What a world we live in.
Reality shows, pixellated faces in news broadcasts. Who has the right (s)?
If you ever shoot photographs on the street, you must read this . And see this film Off Limits/La Rue Zone Interdite. We’ve just ordered a couple of copies to review.
Thanks Paula for the tip.
The European premier of new documentary film â€˜Off Limitsâ€™ took place at this yearâ€™s CEPIC Congress, held in the elegant surroundings of Zofin Palace in Prague. The film was made by French Canadian photographer and film maker Gilbert Duclos and tells the story of his legal battle to defend the future of street photography. Although the film centers on a specific court case in Quebec, the issues the film raises affects the whole photographic industry.
In 1998, Canadaâ€™s Supreme Court ruled against Duclos in a law suit filed against him ten years earlier by a young woman whose photograph he had taken in the street many years before. When the image appeared in an arts journal, she sued Duclos for damages. The ensuing legal battle raised issues which went far beyond the confines of the case itself and soon Duclos was fighting to safeguard the future of the art form he so loves.
Despite his efforts and the support of the arts and images community in Quebec, the Supreme Court found in the young womanâ€™s favour, saying that her right to her own image had been violated. This created a precedent which effectively made it illegal to publish a photograph of an individual without their consent. As the film demonstrates, this has severe implications on street photography. At what point in a â€˜magic momentâ€™ should one ask for permission? If the subject refuses, then that is one more image of modern life that will be lost forever.
Alongside the account of the implications of this ruling, the film explores the role street photography plays in society. Duclos and the photographers he interviews examine the importance of maintaining our collective memory through truthful depictions of real life. Without these images, our perception of who we are and where we have come from will be lost or dangerously distorted as legally safe, artificially staged images will be used instead. As photographer Janine Niepce puts it, street photography is â€˜not just artistic, itâ€™s indispensableâ€™.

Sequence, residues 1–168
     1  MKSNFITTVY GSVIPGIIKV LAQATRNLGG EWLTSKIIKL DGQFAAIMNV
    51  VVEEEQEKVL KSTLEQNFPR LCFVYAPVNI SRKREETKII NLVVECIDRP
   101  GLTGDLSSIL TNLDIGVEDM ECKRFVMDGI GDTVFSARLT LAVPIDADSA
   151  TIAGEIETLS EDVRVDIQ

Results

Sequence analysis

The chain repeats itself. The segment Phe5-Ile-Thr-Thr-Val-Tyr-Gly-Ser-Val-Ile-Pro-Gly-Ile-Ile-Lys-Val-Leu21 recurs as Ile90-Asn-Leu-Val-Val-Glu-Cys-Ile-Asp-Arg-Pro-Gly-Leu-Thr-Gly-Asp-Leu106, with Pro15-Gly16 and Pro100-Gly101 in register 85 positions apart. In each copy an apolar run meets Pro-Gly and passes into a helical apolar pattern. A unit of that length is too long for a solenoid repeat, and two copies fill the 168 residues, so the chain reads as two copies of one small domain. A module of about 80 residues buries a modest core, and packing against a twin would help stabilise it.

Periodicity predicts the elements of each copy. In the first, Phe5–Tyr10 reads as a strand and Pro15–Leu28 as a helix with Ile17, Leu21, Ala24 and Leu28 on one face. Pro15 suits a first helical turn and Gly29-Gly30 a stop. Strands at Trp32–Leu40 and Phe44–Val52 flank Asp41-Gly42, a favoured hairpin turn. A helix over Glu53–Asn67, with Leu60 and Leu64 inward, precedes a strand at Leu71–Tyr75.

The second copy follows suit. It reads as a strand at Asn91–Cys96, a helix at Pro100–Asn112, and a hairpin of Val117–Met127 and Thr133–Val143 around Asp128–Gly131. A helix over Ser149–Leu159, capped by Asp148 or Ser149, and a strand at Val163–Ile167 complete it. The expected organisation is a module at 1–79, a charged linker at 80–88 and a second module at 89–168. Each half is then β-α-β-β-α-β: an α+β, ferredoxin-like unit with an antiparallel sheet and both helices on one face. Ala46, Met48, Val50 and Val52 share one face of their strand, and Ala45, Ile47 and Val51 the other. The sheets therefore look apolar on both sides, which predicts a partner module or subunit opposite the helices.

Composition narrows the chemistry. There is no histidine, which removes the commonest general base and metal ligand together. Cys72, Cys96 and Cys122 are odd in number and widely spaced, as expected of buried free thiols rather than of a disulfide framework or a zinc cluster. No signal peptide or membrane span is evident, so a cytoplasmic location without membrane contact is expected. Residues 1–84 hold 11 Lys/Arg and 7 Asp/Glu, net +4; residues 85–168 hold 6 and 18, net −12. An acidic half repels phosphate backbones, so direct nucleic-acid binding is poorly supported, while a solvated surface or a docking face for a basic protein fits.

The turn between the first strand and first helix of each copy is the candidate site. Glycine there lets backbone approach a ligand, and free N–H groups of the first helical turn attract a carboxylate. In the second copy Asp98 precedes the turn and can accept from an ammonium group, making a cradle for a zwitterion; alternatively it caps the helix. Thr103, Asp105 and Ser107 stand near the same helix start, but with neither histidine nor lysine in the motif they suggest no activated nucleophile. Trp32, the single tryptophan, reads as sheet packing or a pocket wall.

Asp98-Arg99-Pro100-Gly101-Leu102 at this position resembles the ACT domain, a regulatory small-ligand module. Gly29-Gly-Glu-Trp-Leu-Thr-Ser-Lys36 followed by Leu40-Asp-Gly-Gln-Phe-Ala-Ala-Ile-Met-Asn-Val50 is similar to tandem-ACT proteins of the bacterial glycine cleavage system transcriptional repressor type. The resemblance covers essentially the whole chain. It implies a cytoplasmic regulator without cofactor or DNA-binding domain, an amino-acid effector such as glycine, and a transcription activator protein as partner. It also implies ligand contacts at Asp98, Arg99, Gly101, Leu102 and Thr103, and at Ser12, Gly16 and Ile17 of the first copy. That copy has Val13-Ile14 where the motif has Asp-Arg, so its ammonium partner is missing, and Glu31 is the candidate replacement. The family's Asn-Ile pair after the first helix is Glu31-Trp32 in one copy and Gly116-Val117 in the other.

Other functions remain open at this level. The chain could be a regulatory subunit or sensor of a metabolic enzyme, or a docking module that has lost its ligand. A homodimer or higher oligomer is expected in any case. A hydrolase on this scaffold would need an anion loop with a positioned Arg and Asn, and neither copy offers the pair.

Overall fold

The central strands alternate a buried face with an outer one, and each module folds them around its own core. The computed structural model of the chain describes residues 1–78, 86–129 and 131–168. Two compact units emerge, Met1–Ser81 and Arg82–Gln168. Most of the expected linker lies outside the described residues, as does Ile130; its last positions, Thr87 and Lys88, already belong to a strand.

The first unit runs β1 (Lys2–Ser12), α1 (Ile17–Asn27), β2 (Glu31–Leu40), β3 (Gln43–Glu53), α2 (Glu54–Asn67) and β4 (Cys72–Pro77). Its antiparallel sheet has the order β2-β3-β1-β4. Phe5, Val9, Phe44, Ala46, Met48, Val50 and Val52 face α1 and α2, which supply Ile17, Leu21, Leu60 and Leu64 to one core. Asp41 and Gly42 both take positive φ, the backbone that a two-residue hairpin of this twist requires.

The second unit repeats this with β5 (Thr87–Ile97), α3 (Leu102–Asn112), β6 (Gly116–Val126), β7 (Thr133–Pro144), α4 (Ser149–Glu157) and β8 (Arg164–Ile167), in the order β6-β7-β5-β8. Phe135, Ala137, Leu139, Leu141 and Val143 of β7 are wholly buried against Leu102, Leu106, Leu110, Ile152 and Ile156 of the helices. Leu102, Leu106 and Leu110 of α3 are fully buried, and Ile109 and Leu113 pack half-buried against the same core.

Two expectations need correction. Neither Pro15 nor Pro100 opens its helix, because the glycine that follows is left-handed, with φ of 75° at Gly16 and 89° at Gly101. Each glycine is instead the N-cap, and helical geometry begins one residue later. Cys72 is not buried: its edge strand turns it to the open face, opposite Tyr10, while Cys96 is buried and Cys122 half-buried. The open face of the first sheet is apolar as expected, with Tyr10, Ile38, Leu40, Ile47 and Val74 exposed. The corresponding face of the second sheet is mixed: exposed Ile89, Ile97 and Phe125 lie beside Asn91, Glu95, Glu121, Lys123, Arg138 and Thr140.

The film points out that the threat of more law suits is not limited to Quebec. Already there have been similar cases in Europe and unless the photographic industry puts up a fight there will be many more, effectively stifling a vital form of artistic documentation. French photographer Guy le Querrec sees the Duclos case as the beginning of the end, as he puts it, â€˜photography has hit the quicksandâ€™.
â€˜Off Limitsâ€™ is a heartfelt and eloquent piece of film making. It makes its case in the defence of street photography by sensitively examining the beauty of taking a photograph, of capturing a magical moment to share with the rest of humanity. It asks if we are willing to lose the right to publish these moments, to lose the right to memory. Is it right that we should be deprived of this art form for the sake of a few individualâ€™s thirst for money? The issue is not the right to oneâ€™s own image, but the right to access our own history and the colorful people who make it.
Think Henri Cartier-Bresson, Willy Ronis, Elliot Erwitt, Marc Riboud, Robert Doisneau.
To obtain a copy of this film please go to www.virage.ca .
Les Productions Virageâ€¨
6300 ave du Parc, bureau 605â€¨
MontrÃ©al, QuÃ©becâ€¨H2V 4H8â€¨
TÃ©l : (514) 276-9556â€¨Fax : (514) 276-2262
MÃ©lanie BhÃ©rer – Responsable Ã la distributionâ€¨
TÃ©l : (514) 276-9556 #42 â€¨Fax : (514) 276-2262
â€˜Off Limitsâ€™ written and directed by Gilbert Duclos. Produced by Monique Simard for Production Virages. Running time 60 mins. Winner of First Prize at the FIFA International Arts Film Festival, Montreal.